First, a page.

Our final shipment of household goods arrived today, shattering the peace and quiet we’d been enjoying. If you’ve been reading about our adventures in Korea, you might be wondering, "Wait, how many shipments are coming? You must have a lot of stuff." The answer is, yes, we shipped ourselves too much stuff. Our household goods from Seattle that had been in storage left via cargo ship in early January, and our air freight soon followed. Our car arrived last week, and we just received our final shipment from our temporary home in Washington, D.C. That shipment left just before we moved to Korea. One and a half months in transit is very fast. Many of my colleagues around the world who left the states last year still have not received their household goods. Unfortunately, now we have to figure out how to consolidate two households, our Seattle and Washington, D.C. households, and find places to store items we don’t need. When I put in the orders to ship our stuff abroad, I had the crazy idea of shipping as much as possible so we didn’t miss anything important. Living abroad however is much like traveling abroad–don’t take more than you need. Now we have to figure out what to do with all of our stuff without unnecessarily cluttering up our home.
At lunchtime I joined my conversation partner for lunch. Although she is Korean, she suggested having lunch at Burger King. I was surprised by her choice, but I obliged. She explained that Koreans love American fast food, especially McDonald’s and Burger King. I have not yet seen a Mickie D’s in Korea, but I’ve seen at least three Burger King restaurants in Seoul. Downtown Seoul has many American fast food restaurants, and they’re all packed at lunchtime. The clientele appears to be generally younger than customers at Korean restaurants. She mentioned that Koreans love also love American-style barbeques. This summer I’m hoping to buy a grill (I love to grill). If I do I will invite Koreans over for American-style barbeque. It’s a great way to get to know Koreans and share American culture.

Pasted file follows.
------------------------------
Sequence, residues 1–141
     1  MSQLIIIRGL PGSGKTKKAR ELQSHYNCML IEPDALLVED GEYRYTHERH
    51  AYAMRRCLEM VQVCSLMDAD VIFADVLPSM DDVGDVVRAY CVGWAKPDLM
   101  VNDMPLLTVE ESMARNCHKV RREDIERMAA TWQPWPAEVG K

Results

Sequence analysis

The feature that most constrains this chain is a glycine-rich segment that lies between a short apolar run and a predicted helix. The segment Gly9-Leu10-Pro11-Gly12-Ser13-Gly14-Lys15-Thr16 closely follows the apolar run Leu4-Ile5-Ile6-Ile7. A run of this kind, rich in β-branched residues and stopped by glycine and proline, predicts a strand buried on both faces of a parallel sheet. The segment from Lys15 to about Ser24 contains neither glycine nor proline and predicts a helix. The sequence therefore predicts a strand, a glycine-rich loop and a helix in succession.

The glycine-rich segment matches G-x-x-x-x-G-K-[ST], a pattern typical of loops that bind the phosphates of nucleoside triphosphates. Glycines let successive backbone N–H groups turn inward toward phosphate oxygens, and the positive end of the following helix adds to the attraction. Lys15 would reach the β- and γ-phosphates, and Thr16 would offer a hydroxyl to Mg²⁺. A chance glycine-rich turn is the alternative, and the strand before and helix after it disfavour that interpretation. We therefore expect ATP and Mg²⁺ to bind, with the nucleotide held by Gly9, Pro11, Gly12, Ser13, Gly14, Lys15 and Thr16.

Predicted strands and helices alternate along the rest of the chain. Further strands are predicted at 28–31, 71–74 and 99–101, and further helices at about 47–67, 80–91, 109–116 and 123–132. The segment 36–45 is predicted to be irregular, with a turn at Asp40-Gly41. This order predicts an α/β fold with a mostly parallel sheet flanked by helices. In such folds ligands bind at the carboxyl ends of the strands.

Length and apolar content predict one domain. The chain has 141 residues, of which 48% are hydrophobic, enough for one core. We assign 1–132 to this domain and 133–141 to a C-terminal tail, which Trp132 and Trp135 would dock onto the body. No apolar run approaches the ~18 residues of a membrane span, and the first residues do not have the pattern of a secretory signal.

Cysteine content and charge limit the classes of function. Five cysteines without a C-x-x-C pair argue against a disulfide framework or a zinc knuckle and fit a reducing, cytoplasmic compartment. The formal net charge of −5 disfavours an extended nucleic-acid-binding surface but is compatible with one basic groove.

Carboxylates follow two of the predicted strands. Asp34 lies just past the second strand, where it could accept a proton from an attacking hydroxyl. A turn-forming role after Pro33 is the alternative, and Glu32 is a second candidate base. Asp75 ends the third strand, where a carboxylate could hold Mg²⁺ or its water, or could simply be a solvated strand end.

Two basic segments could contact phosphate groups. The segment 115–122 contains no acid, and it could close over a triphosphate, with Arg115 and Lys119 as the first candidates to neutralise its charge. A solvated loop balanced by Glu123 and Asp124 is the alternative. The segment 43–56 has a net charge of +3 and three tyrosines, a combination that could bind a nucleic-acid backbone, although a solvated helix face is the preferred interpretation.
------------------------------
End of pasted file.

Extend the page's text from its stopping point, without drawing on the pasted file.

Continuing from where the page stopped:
Tonight, amidst our unpacking, we ate dinner with a coworker and his wife. He is American, and she is Korean. They came bearing a housewarming gift–three boxes of Kleenex tissue. I thought this odd until they explained that Koreans traditionally come to house warmings with a gift of tissue. I appreciate the gesture, but I now have seven boxes of tissue to use up. We are very well supplied now. The Chinese meal my wife cooked was delicious, and I played host and cleaned up afterwards. The conversation was great. Although we could have spent the time unpacking, we enjoyed the company immensely. We haven’t done as much entertaining as we could. Life in Seoul is very conducive to getting together with friends, and our circle of friends and coworkers is ample.